If you’ve tried to get in, out or around the city centre in your car recently, it’s probably safe to assume that you’ve found yourself feeling….frustrated.
‘Are ever-present roadworks neccessary
to Manchester’s mission?’
Manchester is not an easy city to negotiate at the moment, thanks largely to the installation of a new city centre tram crossing – 2CC – improvement works to Victoria train station, a new bus priority system on Oxford Road, works to Oxford Road station itself, utilities replacements across the city centre (mostly in the same place at the tram works)….the list is long, and for the general public, confusing.
To the average punter, it’s all just ‘roadworks’.
Bundle that all up with the occasional road closure when there’s an ‘incident’, or a traffic light breaking down, and you can often find yourself sat still in your car, with lots of other exasperated motorists.
Of course, it probably pays to remember that when you’re stuck in traffic, you actually are traffic. And if you’re not part of the solution, etc.
But still, the last 12 months have been difficult for the average visitor to the city centre. Quite often, you simply don’t know where you’re going.
Unless you’re under 23 of course, because your heads is CONSTANTLY BURIED IN YOUR PHONE.
The overriding feeling behind the works, however, is that is has to happen for the good of the city, and its continued growth.
Buoyed by a growing recognition for Manchester as a cultural destination, the city has to be able to cope with the influx of visitors, especially as the airport continues to develop routes in markets such as China and the US.
Some may question the need for a tramline across the city centre, although linking it to the airport is undoubtedly decent common sense.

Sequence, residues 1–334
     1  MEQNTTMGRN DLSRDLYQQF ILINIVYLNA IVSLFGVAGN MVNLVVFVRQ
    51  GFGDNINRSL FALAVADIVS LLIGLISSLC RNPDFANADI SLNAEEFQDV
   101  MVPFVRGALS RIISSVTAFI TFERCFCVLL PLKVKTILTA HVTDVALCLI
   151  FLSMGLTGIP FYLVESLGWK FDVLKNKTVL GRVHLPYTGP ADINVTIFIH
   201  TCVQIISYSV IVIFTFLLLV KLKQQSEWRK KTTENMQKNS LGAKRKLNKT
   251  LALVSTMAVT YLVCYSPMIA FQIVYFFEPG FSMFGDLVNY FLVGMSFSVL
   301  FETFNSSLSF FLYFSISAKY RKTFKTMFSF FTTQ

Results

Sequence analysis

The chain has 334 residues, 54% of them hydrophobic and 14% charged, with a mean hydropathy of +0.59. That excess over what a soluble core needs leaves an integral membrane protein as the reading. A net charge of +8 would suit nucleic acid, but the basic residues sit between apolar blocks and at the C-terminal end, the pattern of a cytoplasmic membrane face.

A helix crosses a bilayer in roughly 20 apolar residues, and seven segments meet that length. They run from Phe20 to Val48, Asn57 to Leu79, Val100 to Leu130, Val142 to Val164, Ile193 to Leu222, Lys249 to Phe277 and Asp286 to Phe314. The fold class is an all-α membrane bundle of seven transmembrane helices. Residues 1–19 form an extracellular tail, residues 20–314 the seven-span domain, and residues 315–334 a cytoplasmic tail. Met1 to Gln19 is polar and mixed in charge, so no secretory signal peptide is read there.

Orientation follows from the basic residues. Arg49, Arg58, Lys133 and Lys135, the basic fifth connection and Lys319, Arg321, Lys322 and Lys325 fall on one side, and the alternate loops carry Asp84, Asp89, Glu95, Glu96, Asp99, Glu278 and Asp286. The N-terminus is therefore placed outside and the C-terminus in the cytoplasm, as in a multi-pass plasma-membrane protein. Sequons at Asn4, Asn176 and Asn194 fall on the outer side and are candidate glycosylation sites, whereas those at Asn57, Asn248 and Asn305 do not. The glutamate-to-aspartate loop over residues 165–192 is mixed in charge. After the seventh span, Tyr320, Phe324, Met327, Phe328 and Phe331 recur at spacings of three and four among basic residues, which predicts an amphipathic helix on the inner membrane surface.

The Metrolink network will also connect to the Trafford Centre. Some may see that as a potential drain on the city’s shoppers to the Dumplington competitor. Others will argue that the TC will act as a massive park and ride for the city centre. A cute piece of PR, but it will be interesting to see the movement between the two competing ‘experiences.’
Think of it this way. The competition from other cities starts and ends at opposite ends of the M62.
Leeds has gone big on redevelopment, making a huge noise about two major projects it felt was important to the growth of the city. They were a big new shopping centre (we’ve already got one – Manchester Arndale had around 41.5m people through it in 2014) and an arena to host gigs and events (we’ve had one of those for ages too, and Manchester Central covers off plenty of expos).
Liverpool has continued to develop its docks and waterfronts (technically Salford Quays in our case, but check, and MediaCity is doing more than ok) and, like Leeds, developing an exhibitions and gig venue/arena (see above).
Bars, restaurants, theatres, events, parks, festivals, gigs and football matches keep people churning through our city centre, as well as the shops.
So the logical step is to make all those bits join up much better.
The ‘bread and butter’ local visitors and their journey into the centre needs to be made as easy as possible, despite the biggest piece of infrastructure works post-bomb.
Which means the existing public transport network needs to function properly as the works continue. A challenge in itself.
There are another two years until the tram works are officially finished – which will include another run of the Manchester International Festival, two lots of Christmas Markets and a whole gamut of city centre events designed to bring large numbers of people in.
Will it all be worth it? Opinion is at times divided. Some moan and start ill-advised social media campaigns that will probably do more harm than good in the long run; others choose to just accept is without being overly thrilled.
And so must we, I suppose, in the hope that it will deliver all the improvement promised. Even if you’re stood on a Cornbrook tram platform.
Better than being stuck in your car though, innit?